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The Shift is a new column by Michael Morse, author of Rescuing Providence and Responding. Over 2014, it will take readers through a typical 24-hour shift in a busy urban fire-EMS department. For more Morse, see installments of his previous column, Stories from the Streets, on

It’s 2015 hours.

“Yours is the one without cheese,” says Okie as we join the crew. The firefighters have made plates for us, covering them with tinfoil and placing them on top of the oven.

“Thanks, Okie.”

We have no problem making fun of each other. We relish the opportunity to expose chinks in the armor of our workmates. Bad haircuts, bad dates, blown streets, white socks—you name it, we’ll have something to say. But underneath the incessant banter lies a kinship like no other. Okie is a member of Special Hazards and one of the best and fittest firefighters in the entire department. EMS is not his forte, and his outward demeanor toward those in the department who choose the path of EMS borders on scorn. But he left the cheese off my chicken parmigianino, remembering I’ve been dairy free for a while, and that small gesture says more than a thousand good-natured insults.

There is no mention of the body on the highway during dinner, which is uninterrupted by the tones. We finish eating, cleanse our plates and help with the overall cleanup. Many hands make light work, and the place is back to pre-dinner condition in no time.

“Rescue 4 in service, clear of decon,” I say into the mic, and the division chief raises an eyebrow but remains quiet. He knows that if a call had come over the airwaves, we probably would have taken it.

Jared goes his way, and I go mine. I have two reports to do and like to stay up on them before they get out of hand. There’s nothing worse than a stack of paperwork waiting at the end of a long shift. Before I dig in, I call home.


“Hi, it’s me.”

“Oh, I was hoping it was my boyfriend.”

“Is he still calling? I thought you wore him out.”

“Not yet. How are you?”

“Dead guy on the highway.”

“You OK?”

“I’ll survive. I have to.”

We talk for a few minutes, a comfortable give and take, the cadence of our conversation flowing naturally, nothing deep, just two people staying connected while they are physically apart. Some people use my frequent calls to and from home as a subject to ridicule, but I honestly believe their criticism is born from jealousy rather than scorn.

The conversation ends, and the paperwork begins. Almost.

“Rescue 4, respond to 168 Broad Street for an intoxicated female.”

“Rescue 4, responding.”

“At 2032 hours.”

The paperwork will be there when we return. Back down the stairs and into the truck, where Jared waits. It’s Donna, and she’s sloppy. The shelter is packed, perhaps a hundred people clamoring for position, setting up their possessions on the floor in what they call the common room. The smell of unwashed humanity assaults my senses, clings to my skin and permeates my uniform.

“I’m not going,” says our patient, and “the chorus” chimes in.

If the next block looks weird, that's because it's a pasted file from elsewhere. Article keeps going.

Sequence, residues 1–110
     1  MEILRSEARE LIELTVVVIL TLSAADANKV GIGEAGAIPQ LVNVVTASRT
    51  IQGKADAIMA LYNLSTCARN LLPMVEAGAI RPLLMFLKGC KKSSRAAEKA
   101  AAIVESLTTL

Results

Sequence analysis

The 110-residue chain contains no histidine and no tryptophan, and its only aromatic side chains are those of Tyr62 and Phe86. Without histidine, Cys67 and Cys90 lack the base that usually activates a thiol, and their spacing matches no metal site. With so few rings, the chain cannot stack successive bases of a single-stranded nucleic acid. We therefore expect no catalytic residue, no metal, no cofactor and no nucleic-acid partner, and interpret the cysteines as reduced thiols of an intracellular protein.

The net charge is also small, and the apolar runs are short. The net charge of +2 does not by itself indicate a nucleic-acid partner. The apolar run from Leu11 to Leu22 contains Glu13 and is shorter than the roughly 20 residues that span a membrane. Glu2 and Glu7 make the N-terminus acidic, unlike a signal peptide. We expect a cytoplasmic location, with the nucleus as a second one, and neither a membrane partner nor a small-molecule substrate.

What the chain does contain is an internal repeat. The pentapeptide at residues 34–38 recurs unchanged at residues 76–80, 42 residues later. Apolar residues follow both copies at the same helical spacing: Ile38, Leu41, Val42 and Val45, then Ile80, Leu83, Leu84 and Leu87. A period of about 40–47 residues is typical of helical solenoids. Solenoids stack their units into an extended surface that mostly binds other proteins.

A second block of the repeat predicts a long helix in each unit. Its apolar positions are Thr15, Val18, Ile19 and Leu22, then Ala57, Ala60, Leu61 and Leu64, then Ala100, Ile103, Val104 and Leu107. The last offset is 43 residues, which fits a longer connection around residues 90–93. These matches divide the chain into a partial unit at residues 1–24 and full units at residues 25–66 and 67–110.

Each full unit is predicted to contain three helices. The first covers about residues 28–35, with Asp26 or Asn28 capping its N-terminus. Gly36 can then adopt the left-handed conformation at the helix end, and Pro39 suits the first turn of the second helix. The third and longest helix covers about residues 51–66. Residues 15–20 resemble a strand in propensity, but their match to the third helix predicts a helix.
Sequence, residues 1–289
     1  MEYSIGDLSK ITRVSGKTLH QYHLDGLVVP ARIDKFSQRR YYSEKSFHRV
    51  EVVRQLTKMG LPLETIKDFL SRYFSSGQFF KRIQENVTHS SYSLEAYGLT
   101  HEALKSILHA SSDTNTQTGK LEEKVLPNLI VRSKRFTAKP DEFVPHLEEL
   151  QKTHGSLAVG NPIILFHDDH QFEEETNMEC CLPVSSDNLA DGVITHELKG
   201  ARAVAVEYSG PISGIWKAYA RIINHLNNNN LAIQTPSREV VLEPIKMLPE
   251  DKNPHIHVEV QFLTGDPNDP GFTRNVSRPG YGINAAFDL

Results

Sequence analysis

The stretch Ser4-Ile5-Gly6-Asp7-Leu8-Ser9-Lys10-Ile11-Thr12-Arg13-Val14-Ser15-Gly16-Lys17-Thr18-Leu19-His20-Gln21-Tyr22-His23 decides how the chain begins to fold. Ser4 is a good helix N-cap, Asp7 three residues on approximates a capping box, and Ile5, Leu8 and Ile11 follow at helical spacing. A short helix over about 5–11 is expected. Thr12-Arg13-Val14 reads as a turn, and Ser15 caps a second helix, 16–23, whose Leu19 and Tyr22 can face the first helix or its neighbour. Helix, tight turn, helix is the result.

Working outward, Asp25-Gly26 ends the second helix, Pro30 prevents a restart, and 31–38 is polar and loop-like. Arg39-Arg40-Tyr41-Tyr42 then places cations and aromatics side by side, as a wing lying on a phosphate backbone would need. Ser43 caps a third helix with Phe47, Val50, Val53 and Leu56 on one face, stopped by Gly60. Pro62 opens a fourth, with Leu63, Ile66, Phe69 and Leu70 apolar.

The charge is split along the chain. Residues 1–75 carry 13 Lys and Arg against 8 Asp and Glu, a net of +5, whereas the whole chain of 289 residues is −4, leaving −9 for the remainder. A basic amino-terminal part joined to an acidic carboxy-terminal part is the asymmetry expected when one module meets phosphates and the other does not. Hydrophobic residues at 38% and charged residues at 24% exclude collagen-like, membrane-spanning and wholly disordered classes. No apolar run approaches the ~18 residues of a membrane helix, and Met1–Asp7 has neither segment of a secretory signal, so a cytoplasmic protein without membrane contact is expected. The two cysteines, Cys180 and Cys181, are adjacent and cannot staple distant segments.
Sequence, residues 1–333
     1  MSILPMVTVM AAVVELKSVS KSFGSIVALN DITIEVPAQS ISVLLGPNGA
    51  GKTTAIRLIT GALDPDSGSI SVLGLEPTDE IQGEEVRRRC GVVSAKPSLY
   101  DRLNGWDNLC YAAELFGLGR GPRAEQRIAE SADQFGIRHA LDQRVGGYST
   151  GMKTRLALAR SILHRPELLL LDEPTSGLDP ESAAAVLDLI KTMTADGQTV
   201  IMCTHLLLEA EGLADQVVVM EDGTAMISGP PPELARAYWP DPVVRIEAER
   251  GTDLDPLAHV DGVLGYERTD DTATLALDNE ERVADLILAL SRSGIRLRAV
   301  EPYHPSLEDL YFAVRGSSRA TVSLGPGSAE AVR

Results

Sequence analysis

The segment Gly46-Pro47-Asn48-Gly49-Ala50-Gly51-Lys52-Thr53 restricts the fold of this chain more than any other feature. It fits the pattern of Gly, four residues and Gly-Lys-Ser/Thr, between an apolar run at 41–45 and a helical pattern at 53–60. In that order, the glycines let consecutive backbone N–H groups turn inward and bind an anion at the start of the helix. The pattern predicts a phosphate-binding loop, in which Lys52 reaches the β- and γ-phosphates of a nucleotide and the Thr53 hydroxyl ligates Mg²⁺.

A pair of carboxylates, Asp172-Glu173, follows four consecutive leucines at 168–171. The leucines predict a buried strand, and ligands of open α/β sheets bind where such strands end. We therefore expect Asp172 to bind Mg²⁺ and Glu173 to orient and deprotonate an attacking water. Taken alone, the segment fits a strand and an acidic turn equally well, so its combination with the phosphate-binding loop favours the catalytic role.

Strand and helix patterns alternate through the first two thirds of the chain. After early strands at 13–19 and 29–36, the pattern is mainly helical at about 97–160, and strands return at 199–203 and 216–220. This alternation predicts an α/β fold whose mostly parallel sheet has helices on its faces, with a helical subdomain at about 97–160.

“You gotta go, girl, you had a seizure,” says one.

“You fell and hit your head,” emphatically states another.

“You drunk on your ass,” comes the truth from Winston, who lies nearby in his sleeping bag, keeping one eye on the festivities and the other on his things. I see the usual familiar faces joined by the constant barrage of new ones as the train of homelessness brings people in and out of this place. Some of the regulars try to help, others just stare, most make no eye contact at all and stay to themselves, their eyes downcast, trying to disappear into the asbestos tile floor. The newcomers shuffle along, uncomfortable in their surroundings, lost in repose, wondering how on earth they ended up here.

Jared is a fast learner and leans close to Donna and lends a hand, which she takes, and we help her to her feet and assist her as she walks out of the shelter and into Rescue 4. Without asking, my partner helps her onto the stretcher, straps her in, obtains the necessary vital signs and goes to the front to drive. We arrive at the hospital in a few minutes, wheel our patient close and wait in line. The triage area is packed, ambulances from all over fill the bay, the crews assigned crowding the cramped doorway and corridor with their cargo lying on their beds, watching, sleeping, trying to escape or barely breathing. The worst go first, the rest wait. A drunken man pisses on the floor, a college kid vomits in his stretcher, a trauma victim is rushed past, accompanied by a crew from Massachusetts, one of whom bags the victim while another stands on the stretcher rail doing compressions.

More units arrive, and Jared, Donna and I wait our turn.

I feel at home here in the ER and watch the familiar faces do their things, the ambulance crews dressed in blue, the hospital staff in their colorful scrubs, security in black and patients wrapped in white sheets or blankets. All of us have a place. I look at Donna, drooling on my stretcher, lost and alone. Life is funny. A wrong turn here, a missed opportunity there or a tragic accident like the one that happened to Donna decades ago can change everything. The car she was driving while intoxicated crashed, and her daughter was killed, and she lost her home, her hope and her dignity as a result.

It occurs to me that it could be me, or any one of us, on the stretcher and not standing next to it, and instead of having three places where I feel at home, I very easily could have none.

“But for the grace of God, there go I.”

Michael Morse, EMT-C, is a rescue captain with the Providence (RI) Fire Department.

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